I glanced at the end of Shot Across the River Styx this morning. I’ve placed the illustration for that epilogue, curtesy of Michael Swearingen, above. The image captures the work of transforming a violent bullet into a healing basketball. That sentence doesn’t make sense? Buy the book.
Shot Across the River Styx was an experiment. I was thirty-three. I’d been writing my entire life, but this was the first time I produced a finished piece with an audience in mind. And, genre be damned, I wanted to share the work. So, after countless queries, I gave into Amazon and made the thing available. I’m indie-rock, baby. Like Bob Pollard. Or Pavement. Did I make any money? No. But I’m proud of the book. And glancing at the short epilogue this morning reminded me of something.
I’m not finished yet.
It’s been about six years since I wrote “I wasn’t finished yet” as the last line of Shot Across the River Styx.
Lots has happened since then.
Two sons. Solomon and Samson. I’ve left Minneapolis, moved to State College, and became a college professor. I bought a house in the country. I wrote three more books and countless articles. I co-founded an improv theatre company. My belly is a little bigger. My hair is a little thinner. I have less energy, more anxiety, and am generally a more peaceful person. How’s that for a character description? I’m more aware of complexity these days. That’s adulthood for you.
Here’s what I wrote about complexity in the final chapter of Shot Across the River Styx six years ago:
“Of course the universe is far more complicated than our wants and needs. Need evidence? Go outside and look up into the sky. That shit is reckless.” (p. 157).
Those sentences made me laugh this morning. Here’s how I followed up that short paragraph:
“To think that people get so caught up in their own comings and goings, their trials and tribulations, their specific versions of how things ought to be. They rage and rumble for brief and specific moments of time and then woosh, they transform. They can’t help it.” (p. 157).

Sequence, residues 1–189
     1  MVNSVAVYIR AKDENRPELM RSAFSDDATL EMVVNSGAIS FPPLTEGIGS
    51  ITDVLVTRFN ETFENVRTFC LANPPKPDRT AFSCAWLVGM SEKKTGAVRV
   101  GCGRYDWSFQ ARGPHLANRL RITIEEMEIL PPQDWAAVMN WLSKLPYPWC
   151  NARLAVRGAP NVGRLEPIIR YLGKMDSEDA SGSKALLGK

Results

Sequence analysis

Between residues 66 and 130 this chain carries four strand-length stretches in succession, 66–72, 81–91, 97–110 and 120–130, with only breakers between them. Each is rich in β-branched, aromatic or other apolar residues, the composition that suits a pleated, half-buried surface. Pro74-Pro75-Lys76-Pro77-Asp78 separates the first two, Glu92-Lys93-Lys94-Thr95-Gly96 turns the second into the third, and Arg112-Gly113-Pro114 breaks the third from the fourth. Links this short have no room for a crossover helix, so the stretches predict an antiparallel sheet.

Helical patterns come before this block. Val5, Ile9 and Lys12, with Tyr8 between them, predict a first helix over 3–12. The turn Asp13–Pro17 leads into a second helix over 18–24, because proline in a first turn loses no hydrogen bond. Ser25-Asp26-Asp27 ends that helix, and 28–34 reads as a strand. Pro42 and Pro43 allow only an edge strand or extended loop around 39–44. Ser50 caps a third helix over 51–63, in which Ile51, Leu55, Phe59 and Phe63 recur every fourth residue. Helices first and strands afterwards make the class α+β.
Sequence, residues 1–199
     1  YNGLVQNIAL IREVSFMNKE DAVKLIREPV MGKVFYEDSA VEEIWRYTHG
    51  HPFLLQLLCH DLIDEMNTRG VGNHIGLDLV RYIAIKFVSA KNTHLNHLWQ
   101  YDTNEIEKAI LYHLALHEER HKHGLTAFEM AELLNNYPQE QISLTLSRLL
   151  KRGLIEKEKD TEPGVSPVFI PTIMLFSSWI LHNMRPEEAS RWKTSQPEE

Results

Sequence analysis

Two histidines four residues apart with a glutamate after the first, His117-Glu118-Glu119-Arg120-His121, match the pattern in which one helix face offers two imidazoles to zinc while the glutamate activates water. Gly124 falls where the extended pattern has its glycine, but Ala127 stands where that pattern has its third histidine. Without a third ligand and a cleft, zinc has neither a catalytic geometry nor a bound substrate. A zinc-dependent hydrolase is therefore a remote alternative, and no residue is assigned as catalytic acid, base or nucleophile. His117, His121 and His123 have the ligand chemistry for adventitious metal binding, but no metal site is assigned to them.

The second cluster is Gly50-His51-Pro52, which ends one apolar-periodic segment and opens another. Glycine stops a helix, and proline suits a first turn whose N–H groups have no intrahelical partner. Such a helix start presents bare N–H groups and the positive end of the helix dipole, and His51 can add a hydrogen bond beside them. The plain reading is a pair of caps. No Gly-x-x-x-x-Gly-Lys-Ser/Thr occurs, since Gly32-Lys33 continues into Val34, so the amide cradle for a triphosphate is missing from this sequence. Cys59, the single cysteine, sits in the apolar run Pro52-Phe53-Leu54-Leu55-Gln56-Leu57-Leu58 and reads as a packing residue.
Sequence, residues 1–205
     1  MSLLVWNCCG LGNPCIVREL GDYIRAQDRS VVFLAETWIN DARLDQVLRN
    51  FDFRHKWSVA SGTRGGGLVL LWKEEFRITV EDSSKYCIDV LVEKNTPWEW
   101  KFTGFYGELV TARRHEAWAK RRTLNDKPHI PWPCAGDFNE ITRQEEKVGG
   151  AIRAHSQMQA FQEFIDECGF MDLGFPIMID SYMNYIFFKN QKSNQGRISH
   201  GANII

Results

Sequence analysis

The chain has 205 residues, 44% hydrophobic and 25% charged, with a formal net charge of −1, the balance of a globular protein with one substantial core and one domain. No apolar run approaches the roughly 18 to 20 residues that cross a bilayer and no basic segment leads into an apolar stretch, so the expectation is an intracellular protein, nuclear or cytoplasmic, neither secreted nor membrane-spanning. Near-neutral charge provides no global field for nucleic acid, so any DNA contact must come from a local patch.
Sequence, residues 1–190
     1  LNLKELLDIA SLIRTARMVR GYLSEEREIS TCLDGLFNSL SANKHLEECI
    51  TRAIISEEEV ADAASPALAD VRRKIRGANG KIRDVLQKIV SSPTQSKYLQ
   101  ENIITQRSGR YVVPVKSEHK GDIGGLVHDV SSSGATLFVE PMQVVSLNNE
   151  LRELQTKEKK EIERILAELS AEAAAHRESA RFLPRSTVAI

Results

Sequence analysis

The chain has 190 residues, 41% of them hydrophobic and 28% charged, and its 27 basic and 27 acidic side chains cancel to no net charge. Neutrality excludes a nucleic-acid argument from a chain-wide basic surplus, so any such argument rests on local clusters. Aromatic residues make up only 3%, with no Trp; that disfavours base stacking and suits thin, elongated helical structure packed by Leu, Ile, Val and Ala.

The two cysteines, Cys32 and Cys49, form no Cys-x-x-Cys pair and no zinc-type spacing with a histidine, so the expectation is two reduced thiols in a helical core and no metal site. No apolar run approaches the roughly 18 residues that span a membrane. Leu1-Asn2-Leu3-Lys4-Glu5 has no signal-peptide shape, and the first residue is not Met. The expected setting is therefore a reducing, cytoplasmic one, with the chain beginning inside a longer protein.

These words made me laugh too. I don’t know. It was fun to connect with my thirty-three year old-self through the pages of a book. There’s something wild about that returning to the past.
Brief and specific moments of time? I’m in one of those right now. I always am. So are you. My moment concerns a little family, getting tenured at Penn State, and all sorts of little creative projects. It’s so easy to get caught up in my comings and goings, my trials and tribulations. Especially as the semester ends and I feel swamped. Or when Solomon screams at Samson. Or Samson hits Solomon. But this moment will pass. Woosh. Things will change. Transform. There’s nothing that can be done about that. It’s better, to paraphrase the wise words of the completely fictional Magic “Fucking” Johnson in my book, to enjoy the ride. Travel peacefully.
Easier said than done. But you gotta say something if you want to do it. Words are a conduit to the vital expressions of an eternal universe. That’s why writing feels worthwhile to me. Whether I make money or not. Whether anybody reads the words or not. I’m conjuring and connecting with powerful energies – participating in the creation. Something like that.
I think the same thing is true now that was true six years ago – I’m not finished yet. The writing I’ve done so far has felt like warming up the engine.
I wanted to be C. S. Lewis when I was a kid. Then Stephen King, then Frank Herbert, then John Steinbeck, Richard Wright, then Toni Morrison. Hopes and dreams and visions. I want to finish a piece of fiction. Haven’t done it yet.
There’s a science fiction novel brewing. Sure, the brief and specific moments of time are keeping me busy. But I’ve got more writing to do.
I’m glad my thirty-three year-old self reminded me of that this morning. Thanks, buddy.